A. M. Klein
An appreciation of Smith's craftsmanship—his hammered gold on gold enamelling—is not to be taken … as underestimating the content and essence of his verse. It is true that Smith's poems are never editorial; he is sybilline, not megaphonic; but the purposefulness of his writing cannot be gainsaid. He has hewed to the aesthetic line with a consistency and a devotion which is reminiscent only of Rilke; he has taken for his themes the grand verities and not the minuscule ephemera; and he has written of them in a manner which is never dated, only with difficulty placed, and always inalienably personal….
News of the Phoenix, Smith's long awaited first volume illustrates on every page … his fastidious manner, his subtle tone. Here, indeed, are a hundred felicities, each in its nature technical, but each serving the purpose of enhancing and intensifying the experience which prompted it. (p. 257)
The poems in News of the Phoenix, though not arranged in any definite order, may be divided into three categories—metaphysical poems, poems of Greek inspiration, and, in a third group, poems of a strange new quality—of a hardboiled classicism, an amalgam of Hellenic allusion, Elizabethan sonority, and vernacular cliché….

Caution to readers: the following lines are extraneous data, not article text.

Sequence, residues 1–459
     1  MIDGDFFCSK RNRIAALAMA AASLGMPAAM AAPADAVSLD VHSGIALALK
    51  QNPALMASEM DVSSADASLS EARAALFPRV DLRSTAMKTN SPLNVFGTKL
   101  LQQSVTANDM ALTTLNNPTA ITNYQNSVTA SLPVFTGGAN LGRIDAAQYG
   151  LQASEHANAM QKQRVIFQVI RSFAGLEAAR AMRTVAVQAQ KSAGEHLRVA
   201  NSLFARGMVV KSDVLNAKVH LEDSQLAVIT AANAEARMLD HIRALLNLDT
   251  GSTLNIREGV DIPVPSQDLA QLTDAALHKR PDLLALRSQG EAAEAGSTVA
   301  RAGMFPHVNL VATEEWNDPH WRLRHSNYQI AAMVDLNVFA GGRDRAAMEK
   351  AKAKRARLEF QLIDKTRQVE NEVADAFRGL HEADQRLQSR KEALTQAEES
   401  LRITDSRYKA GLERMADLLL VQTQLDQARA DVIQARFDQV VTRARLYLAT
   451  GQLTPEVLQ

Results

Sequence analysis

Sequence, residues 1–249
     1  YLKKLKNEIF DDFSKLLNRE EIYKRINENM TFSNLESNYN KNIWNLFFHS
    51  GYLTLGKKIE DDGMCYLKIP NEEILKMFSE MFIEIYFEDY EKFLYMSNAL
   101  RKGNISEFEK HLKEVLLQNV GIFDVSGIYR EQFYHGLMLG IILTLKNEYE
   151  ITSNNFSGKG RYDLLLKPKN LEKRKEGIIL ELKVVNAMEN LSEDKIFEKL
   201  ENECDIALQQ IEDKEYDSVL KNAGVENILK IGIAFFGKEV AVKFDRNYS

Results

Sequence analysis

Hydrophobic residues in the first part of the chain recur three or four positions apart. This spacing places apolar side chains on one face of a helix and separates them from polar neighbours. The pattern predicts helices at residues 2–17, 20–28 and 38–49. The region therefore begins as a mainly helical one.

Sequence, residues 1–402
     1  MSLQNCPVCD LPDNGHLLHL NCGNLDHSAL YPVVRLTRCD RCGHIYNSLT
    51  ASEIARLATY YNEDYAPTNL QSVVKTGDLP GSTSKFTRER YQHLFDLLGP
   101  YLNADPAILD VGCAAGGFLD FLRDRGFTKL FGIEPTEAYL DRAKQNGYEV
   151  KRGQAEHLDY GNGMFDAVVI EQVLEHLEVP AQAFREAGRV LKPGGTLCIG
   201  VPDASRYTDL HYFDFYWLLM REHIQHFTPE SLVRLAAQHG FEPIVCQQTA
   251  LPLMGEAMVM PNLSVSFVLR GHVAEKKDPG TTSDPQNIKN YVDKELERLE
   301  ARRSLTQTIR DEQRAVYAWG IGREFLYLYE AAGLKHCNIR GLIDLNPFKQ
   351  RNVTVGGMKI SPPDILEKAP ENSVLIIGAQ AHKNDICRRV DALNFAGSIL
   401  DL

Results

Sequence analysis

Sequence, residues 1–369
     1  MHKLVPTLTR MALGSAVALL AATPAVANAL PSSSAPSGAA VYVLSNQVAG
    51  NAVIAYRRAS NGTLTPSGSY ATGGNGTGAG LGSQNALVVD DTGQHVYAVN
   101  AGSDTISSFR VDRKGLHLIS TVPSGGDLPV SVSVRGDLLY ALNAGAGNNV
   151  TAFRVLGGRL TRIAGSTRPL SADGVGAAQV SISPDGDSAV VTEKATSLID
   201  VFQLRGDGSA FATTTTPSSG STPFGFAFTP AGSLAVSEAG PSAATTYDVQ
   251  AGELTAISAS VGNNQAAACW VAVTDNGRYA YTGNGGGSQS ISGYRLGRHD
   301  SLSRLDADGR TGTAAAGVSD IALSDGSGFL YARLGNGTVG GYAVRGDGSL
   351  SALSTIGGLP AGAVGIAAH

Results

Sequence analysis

To readers in search of new caviar, it will perhaps be the third group which will be found most interesting. It is in this group that we find such lines as: "Or zero's shears at paper window-pane," "In minds as polite as a mezzanine floor," "The great black Othello of a thing is undone by the nice clean pockethandkerchief of 6 a.m." For here Smith has taken the language of modern life and naturalized it into his classic lines…. [Often] an ancient myth has been given new meaning. Nor is this technique adopted merely for the sake of novel confection; it has a purpose—to make feelings which in another context might be considered literary or romantic appear for what they are—true, realistic, a piece of vital experience.
Taken all in all, News of the Phoenix constitutes a historic contribution to Canadian letters. The record of an austere spirit, at once sensitive and intellectual, it marks the closest step a Canadian has taken towards a "pure poetry," a poetry which is pure yet does not live in a vacuum. (p. 258)
A. M. Klein, "The Poetry of A.J.M. Smith," in The Canadian Forum, Vol. XXIII, No. 277, February, 1944, pp. 257-58.